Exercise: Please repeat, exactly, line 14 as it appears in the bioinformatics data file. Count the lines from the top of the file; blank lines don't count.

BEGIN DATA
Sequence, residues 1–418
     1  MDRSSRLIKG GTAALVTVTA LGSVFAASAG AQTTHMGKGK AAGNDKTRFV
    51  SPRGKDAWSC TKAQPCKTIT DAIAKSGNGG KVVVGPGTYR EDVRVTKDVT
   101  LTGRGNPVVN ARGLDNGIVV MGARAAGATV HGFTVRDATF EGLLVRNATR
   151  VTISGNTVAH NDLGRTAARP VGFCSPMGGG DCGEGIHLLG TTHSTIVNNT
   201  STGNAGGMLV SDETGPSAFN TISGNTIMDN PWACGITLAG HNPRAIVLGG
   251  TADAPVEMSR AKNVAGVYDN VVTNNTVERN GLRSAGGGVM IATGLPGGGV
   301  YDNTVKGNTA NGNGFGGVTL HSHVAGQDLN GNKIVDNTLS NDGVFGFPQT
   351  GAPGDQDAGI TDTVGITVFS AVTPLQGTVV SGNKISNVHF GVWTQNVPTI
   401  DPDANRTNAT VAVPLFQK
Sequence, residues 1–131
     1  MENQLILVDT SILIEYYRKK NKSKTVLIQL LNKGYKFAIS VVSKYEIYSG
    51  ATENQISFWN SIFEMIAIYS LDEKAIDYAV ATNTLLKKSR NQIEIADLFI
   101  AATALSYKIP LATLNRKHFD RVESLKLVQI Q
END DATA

   101  AATALSYKIP LATLNRKHFD RVESLKLVQI Q